Corneal Transplantation

Background: Corneal damage due to accident or disease results in varying degrees of blindness in millions of individuals throughout the planet. In some cases it is possible to restore vision by a corneal transplant. A full-thickness transplant (penetrating keratoplasty, PK) runs a high risk of graft rejection. An alternative operation is a form of partial thickness graft (lamellar keratoplasty, LK) which involves transplanting limbal stem cells which regenerate surface corneal cells. LK transplantation is rarely available due to technical difficulty and level of skill necessary to perform the operation. Technology: Researchers at the University of California, Irvine, have developed a method using an automated microkeratome to provide an essential means of harvesting stem cell tissue of reproducible dimensions. This method is far more consistent than the current manual method for stem cell harvesting. By providing consistency to the procedure, the operation could be based out of hospitals, surgical centers or eye banks. In turn this will simplify the corneal transplantation process and make it more readily available to patients with damaged corneas.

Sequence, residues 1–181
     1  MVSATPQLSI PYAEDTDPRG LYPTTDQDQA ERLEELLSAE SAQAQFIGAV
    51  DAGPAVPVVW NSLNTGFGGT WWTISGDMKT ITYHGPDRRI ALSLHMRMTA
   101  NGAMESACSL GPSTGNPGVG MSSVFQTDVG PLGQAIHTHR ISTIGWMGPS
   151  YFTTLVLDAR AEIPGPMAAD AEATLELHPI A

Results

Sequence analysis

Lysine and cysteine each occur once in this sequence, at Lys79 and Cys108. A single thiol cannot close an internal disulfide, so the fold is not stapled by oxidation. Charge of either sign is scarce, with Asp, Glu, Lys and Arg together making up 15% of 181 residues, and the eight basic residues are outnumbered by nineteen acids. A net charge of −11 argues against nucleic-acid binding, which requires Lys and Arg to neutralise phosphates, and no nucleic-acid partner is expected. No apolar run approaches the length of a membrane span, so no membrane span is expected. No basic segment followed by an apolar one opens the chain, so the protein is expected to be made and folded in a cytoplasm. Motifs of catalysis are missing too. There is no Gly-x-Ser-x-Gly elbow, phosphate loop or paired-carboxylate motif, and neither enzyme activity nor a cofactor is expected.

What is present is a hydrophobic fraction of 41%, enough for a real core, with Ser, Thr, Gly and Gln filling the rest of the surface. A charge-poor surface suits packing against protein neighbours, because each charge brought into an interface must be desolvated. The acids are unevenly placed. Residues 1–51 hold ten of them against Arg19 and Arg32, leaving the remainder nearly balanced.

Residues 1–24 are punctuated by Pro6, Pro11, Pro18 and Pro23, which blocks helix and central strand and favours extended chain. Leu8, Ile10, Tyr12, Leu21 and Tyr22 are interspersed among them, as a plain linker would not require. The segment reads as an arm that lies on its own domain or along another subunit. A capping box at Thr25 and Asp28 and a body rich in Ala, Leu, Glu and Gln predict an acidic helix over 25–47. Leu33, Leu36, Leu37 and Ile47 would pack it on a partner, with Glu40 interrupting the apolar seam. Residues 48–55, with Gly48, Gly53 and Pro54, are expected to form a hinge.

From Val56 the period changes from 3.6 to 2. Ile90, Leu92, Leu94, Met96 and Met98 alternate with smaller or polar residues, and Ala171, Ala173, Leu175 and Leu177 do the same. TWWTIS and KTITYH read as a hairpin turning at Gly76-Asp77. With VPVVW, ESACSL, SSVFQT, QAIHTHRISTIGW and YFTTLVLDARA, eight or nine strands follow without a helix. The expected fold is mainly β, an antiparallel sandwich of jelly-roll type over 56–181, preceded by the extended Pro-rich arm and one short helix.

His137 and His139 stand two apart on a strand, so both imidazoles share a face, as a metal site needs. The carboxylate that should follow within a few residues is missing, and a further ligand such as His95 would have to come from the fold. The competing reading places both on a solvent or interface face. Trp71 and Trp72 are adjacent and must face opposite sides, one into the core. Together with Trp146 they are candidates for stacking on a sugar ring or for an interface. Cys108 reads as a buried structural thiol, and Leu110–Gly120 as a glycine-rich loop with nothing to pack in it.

US 6,679,898

Type of Offer: Licensing

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